Moves source to target in-place if the underlying file system supports it. If target exists, it is first removed. If
source == target, this operation does nothing. This may be used to move a file or a directory.
Only as Atomic as the Underlying File System Supports
FAT and NTFS file systems cannot atomically move a file over an existing file. If the target file already exists, the move is performed into two steps:
Atomically delete the target file.
Atomically rename the source file to the target file.
The delete step and move step are each atomic but not atomic in aggregate! If this process crashes, the host operating system crashes, or the hardware fails it is possible that the delete step will succeed and the rename will not.
Entire-file or nothing
These are the possible results of this operation:
This operation returns normally, the source file is absent, and the target file contains the data previously held by the source file. This is the success case.
The operation throws an IOException and the file system is unchanged. For example, this occurs if this process lacks permissions to perform the move.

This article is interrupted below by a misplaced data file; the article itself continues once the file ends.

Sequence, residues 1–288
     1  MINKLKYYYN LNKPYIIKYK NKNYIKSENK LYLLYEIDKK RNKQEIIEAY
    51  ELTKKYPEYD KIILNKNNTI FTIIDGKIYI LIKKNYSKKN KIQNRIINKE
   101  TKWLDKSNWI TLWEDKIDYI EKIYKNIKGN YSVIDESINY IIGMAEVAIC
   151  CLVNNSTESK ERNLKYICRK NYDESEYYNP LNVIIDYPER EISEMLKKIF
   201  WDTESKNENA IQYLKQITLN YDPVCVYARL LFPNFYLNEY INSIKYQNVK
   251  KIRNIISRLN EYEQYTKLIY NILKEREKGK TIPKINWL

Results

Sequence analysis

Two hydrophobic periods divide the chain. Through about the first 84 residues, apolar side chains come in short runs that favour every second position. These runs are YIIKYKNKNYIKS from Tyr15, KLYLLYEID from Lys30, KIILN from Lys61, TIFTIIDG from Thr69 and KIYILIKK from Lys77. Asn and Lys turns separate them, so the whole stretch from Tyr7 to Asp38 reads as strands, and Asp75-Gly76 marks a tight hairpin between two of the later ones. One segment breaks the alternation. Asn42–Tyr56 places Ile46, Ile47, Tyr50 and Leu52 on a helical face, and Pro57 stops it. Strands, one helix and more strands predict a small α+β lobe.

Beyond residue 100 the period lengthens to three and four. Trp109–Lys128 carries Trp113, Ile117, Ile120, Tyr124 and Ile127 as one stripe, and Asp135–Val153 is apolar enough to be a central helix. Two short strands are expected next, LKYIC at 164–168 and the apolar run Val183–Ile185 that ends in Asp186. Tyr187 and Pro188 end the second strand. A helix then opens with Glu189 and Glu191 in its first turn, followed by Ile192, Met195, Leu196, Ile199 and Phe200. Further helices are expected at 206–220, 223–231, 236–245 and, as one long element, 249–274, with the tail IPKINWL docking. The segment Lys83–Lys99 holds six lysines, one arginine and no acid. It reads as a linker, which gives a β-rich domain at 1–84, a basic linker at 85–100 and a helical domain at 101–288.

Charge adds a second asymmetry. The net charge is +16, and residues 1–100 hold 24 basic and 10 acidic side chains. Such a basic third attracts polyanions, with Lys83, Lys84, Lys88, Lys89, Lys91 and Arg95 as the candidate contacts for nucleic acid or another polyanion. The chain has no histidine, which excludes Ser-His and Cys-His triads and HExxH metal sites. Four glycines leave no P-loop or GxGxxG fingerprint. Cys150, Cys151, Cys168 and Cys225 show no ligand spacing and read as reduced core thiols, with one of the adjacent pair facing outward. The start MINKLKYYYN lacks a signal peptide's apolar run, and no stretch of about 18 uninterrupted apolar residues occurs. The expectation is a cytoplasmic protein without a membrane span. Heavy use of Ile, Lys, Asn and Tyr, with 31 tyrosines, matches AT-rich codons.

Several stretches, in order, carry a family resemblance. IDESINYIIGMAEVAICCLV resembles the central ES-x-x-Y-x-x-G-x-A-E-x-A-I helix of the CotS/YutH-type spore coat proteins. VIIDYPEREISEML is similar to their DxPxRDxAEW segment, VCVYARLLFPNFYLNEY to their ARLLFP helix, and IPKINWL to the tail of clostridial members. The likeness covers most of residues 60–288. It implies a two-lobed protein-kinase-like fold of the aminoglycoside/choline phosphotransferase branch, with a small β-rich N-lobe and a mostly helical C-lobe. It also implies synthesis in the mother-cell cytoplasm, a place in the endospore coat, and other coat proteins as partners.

This operation throws an IOException, the target file is deleted, but the source file is unchanged. This is the partial failure case described above and is only possible on file systems like FAT and NTFS that do not support atomic file replacement. Typically in such cases this operation won't return at all because the process or operating system has also crashed.
There is no failure mode where the target file holds a subset of the bytes of the source file. If the rename step cannot be performed atomically, this function will throw an IOException before attempting a move. Typically this occurs if the source and target files are on different physical volumes.
if the move cannot be performed, or cannot be performed atomically. Moves fail if the source doesn't exist, if the target is not writable, if the target already exists and cannot be replaced, or if the move would cause physical or quota limits to be exceeded. This list of potential problems is not exhaustive.